The National Health Policy 2017 has been approved by the Union Cabinet on March 15, 2017. Focusing on preventive healthcare, universal health coverage, and quality health services to all at affordable cost is the thrust.
With private sector as a strategic partner, public health expenditure raised to 2.5 percent of the GDP, access and financial protection at secondary and tertiary care levels, and other similar steps, the path has been defined to strengthen the health system of the country.
In order to provide access and financial protection at secondary and tertiary care levels, the policy proposes free drugs, free diagnostics, and free emergency care services in all public hospitals. The policy envisages strategic purchase of secondary and tertiary care services as a short-term measure to supplement and fill critical gaps in the health system. It seeks to achieve significant reduction in out-of-pocket expenditure due to healthcare costs, reinforce trust in public healthcare system, and influence operation and growth of private healthcare industry as well as medical technologies in alignment with public health goals.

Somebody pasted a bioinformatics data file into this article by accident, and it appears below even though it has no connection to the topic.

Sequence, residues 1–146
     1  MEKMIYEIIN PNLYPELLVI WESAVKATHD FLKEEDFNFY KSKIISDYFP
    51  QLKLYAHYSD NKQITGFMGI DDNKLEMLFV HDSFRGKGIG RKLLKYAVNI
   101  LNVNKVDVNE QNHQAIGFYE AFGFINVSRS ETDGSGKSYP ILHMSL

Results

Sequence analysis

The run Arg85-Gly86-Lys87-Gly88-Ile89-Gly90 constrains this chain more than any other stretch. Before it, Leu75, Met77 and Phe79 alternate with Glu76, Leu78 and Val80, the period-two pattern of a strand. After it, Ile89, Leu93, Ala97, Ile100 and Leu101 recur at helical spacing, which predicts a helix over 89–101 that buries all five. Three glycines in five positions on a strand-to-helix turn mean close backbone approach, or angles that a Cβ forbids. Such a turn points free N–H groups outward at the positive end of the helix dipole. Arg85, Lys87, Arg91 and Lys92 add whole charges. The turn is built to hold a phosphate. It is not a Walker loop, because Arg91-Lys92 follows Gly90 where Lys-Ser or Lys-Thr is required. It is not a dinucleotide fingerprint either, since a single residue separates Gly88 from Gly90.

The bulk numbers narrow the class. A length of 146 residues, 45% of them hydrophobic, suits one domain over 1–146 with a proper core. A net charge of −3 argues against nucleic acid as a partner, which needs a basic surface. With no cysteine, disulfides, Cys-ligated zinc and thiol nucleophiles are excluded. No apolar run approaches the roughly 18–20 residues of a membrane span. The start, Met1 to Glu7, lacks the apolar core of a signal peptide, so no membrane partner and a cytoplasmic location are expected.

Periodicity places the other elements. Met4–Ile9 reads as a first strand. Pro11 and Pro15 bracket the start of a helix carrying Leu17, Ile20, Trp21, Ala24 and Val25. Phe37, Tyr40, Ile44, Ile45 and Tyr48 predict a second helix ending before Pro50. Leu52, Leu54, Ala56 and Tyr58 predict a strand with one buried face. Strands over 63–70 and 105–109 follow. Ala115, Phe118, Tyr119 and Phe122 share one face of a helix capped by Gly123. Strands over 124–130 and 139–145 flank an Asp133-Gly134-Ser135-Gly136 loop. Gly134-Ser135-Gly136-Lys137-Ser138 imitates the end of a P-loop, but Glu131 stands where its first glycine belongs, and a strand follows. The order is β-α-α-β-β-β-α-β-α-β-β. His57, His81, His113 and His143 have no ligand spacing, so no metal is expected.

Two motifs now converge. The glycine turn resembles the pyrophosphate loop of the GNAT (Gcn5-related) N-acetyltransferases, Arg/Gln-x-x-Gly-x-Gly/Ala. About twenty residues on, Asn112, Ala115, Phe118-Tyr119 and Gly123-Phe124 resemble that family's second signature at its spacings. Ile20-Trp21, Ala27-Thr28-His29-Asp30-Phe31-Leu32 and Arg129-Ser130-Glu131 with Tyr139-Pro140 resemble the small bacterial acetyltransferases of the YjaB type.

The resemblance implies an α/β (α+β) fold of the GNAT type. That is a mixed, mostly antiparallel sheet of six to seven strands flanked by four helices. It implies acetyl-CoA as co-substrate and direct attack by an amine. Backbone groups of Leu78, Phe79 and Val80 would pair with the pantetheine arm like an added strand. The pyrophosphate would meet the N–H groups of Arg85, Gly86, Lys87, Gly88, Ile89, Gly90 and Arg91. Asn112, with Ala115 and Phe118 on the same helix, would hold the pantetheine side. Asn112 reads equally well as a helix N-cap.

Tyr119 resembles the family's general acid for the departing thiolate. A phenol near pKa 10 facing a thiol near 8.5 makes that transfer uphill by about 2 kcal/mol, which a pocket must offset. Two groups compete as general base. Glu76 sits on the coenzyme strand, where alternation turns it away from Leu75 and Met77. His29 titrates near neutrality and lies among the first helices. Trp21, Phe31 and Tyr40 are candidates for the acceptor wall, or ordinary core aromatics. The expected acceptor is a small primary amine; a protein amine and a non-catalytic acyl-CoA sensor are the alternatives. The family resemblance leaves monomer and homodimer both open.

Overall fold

The underlying success of the policy depends on filling the gaps in public health services by strategic purchasing from the private sector, which will need that the private providers be directed to make investment in underserved areas, for which currently there are few providers. Without a regulatory structure in place, it would be difficult to ensure that public-private partnerships or insurance-based purchasing would deliver on either health outcomes or financial protection.
The onus of implementing the policy is on the states, and the state sector health spending will need to be increased to more than 8 percent of the state budget by 2020. Infrastructure and human resource shortfalls, accreditation, controlled cost of treatments, getting robust health data, integration of AAYUSH by way of promotion of cross referrals, and co-location and integration of practices are only some of the challenges.
Execution is the key, but the irony is that even if the NHP 2017 targets are met, India will still be a decade or more behind what its South Asian neighbors have already achieved!